5 Questions with Susan Juby

A headshot of Susan Juby.

Susan Juby, a VIU Creative Writing Professor and Nanaimo-based author, released two books in March. Delgado Photography

April 4, 2022 - 9:00am

Susan Juby, a Nanaimo-based author and Vancouver Island University Creative Writing Professor, had two new novels hit the bookshelves this March.

Mindful of Murder, released March 8, features Helen Thorpe, a smart, preternaturally calm and deeply insightful butler who uses her sleuthing skills to unravel the mystery of the death of her former employer Edna. Helen is the executor of Edna’s will. She receives detailed instructions to run a retreat to decide which one of Edna’s relatives will inherit Edna’s spiritual retreat, but this leads Helen to suspect that someone had a reason to want Edna dead.

Me Three, released March 22, follows 12-year-old Rodney as he starts Grade 6 in a new school, new home and new state. According to the book’s back cover, Rodney’s “school is really old and smells like someone ate a couple of pounds of glue and then barfed it back up, and he’s in a class with a bunch of kids who seem to hate him.” Rodney was one of the most popular guys in his old school, but now that life is over and it is all because of something his dad did.

Juby has garnered numerous awards and accolades for her writing. Her debut novel, Alice, I Think, was a national bestseller and was adapted into a CTV television series. Her book The Fashion Committee was a Horn Best Book of the Year and The Truth Commission was named best book of the year by Barnes and Noble and won the Sheila A. Egoff Children’s Literature Prize and the Amy Mathers Teen Book Award. Republic of Dirt won the Leacock Memorial Medal for Humour. 

In 2014, Juby was the first VIU faculty member to be inducted into the Royal Society of Canada’s College of New Scholars, Artists and Scientists. 

We caught up with Juby to talk about her latest books, creative writing process and why she decided to become a professor.

Mindful of Murder is your first full-fledged murder mystery. Why did you choose this genre and what inspired the amateur detective character Helen Thorpe?

Crime fiction has long been a passion and I also teach a course on genre fiction that includes a section on the craft of mystery writing, which made me want to try my hand at it. It took a long time to get the book right because I wanted to create a detective worthy of a series. That meant coming up with a character I wanted to live with for a long time and a basic framework I could adapt from book to book. The idea for Helen Thorpe came to me while I was at a silent meditation retreat. It occurred to me that a meditation teacher would make a fine investigator because they tend to be very good at seeing the truth behind the masks people wear. I already knew Helen would be a freshly trained butler and I had to figure out how to combine those two career trajectories.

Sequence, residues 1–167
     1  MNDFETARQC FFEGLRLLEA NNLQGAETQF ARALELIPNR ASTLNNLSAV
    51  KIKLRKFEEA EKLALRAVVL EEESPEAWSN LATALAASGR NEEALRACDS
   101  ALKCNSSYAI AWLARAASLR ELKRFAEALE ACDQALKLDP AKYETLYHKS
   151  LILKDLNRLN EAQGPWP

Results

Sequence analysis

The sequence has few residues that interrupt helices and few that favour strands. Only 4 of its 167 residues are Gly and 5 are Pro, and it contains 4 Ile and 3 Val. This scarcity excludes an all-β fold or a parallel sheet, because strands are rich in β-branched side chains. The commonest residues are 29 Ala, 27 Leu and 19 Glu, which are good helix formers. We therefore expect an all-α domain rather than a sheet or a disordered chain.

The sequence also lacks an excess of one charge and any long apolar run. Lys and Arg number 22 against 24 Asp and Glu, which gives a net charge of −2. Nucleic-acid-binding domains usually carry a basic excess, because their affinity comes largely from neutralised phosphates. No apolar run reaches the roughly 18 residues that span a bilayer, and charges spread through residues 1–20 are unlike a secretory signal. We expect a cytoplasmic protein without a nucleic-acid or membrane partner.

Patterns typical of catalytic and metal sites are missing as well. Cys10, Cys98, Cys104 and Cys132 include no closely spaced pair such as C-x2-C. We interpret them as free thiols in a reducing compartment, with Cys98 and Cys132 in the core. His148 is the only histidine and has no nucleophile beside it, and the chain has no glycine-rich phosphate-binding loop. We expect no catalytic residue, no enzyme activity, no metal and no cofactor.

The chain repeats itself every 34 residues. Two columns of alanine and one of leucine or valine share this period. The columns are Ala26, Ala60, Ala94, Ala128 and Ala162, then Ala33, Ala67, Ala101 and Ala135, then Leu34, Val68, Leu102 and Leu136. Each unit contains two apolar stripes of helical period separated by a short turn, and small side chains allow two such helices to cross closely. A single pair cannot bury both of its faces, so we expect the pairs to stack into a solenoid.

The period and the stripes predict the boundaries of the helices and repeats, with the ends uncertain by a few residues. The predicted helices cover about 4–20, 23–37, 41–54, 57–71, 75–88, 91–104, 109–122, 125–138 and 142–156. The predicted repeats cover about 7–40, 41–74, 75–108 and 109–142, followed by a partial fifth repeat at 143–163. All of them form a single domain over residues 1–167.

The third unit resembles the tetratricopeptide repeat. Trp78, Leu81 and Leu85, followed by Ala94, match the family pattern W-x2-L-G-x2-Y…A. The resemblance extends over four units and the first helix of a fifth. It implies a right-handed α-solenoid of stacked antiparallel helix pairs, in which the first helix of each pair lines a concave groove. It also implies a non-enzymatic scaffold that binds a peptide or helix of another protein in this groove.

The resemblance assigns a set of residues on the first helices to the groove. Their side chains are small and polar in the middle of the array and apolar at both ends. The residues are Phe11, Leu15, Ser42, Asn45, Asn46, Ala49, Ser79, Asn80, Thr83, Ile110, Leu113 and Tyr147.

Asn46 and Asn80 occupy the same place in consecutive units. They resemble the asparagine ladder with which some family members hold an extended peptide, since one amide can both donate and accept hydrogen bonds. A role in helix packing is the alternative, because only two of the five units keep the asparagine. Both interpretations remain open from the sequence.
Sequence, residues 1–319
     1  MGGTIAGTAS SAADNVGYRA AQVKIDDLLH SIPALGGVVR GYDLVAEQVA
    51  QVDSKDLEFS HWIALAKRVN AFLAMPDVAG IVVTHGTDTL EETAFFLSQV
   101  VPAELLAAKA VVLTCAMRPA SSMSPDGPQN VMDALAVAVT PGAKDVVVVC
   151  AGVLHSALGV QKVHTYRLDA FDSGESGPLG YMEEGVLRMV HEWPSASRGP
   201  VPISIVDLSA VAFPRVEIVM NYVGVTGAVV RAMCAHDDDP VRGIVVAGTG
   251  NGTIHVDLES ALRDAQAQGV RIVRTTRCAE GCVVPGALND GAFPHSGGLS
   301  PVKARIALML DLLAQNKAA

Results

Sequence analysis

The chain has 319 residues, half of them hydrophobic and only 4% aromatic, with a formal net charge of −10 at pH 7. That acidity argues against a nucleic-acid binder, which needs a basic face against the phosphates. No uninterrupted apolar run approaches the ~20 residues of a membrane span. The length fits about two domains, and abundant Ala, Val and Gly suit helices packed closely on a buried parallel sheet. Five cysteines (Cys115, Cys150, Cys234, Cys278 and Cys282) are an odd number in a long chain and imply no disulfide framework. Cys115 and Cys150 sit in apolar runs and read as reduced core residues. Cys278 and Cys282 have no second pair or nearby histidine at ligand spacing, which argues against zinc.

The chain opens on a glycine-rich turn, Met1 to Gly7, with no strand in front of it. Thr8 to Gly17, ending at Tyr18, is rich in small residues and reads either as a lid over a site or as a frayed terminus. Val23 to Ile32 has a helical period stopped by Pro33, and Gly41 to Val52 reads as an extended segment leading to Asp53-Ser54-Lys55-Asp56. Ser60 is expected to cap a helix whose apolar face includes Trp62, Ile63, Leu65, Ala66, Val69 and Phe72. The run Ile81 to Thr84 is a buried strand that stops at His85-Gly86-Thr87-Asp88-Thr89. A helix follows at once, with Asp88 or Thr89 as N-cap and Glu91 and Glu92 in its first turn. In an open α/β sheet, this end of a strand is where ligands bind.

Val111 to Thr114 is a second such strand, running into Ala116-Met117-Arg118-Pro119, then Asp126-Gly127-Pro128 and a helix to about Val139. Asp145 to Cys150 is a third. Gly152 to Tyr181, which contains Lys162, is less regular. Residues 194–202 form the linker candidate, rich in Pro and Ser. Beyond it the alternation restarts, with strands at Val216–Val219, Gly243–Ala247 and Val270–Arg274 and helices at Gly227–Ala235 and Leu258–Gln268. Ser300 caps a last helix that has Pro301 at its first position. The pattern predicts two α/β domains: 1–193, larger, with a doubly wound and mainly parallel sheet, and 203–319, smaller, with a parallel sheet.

Where did the idea for Me Three come from?

The idea for Me Three came after I read that several of the people who faced consequences for their actions in the wake of the #MeToo movement had children. What, I wondered, would it be like to have a high-profile parent fall from grace in such a public way? It seemed to me that a kid might want to remain in denial about what was happening because to face the truth would be incredibly painful. The book is also about using risk taking to avoid dealing with feelings. 

What comes first for you – the plot or the characters – and why?

Usually character comes first and then plot, but it varies depending on the story. Sometimes all I know is some key facts about the character and then they influence the direction of the plot. For instance, I knew Helen would be a butler and my research into what sorts of people make good butlers helped to develop the rest of the story and her character. I have always loved writing new characters and have had to train myself to write tighter plots. Books that are just a lot of characters and no discernible story have a limited market.

If you could tell your younger writing self anything, what would it be?

Oh, that’s a tough one. I repeat the old canard that “all this will be useful to you someday.” And then I would clarify that it is not necessary to make every single mistake myself. I would also remind myself to keep my focus on the writing, not on the outcome. Writing is full of ups and downs and writers control very little outside of the writing process. Even that can be unpredictable. On that note, maybe I would tell myself to take up meditation much earlier than I did. 

Why did you decide to become a Creative Writing and Journalism professor and what writing advice do you give to VIU students who want to become authors?

The only thing as exciting as having one of my own tales work out is helping new writers find their voices and discover that they have important stories to tell. I encourage my students to keep writing until they have figured out what they need to say and to take chances in their work so they surprise themselves and their readers. 

Tags: 5 Questions | Arts & Humanities | Creative Writing and Journalism

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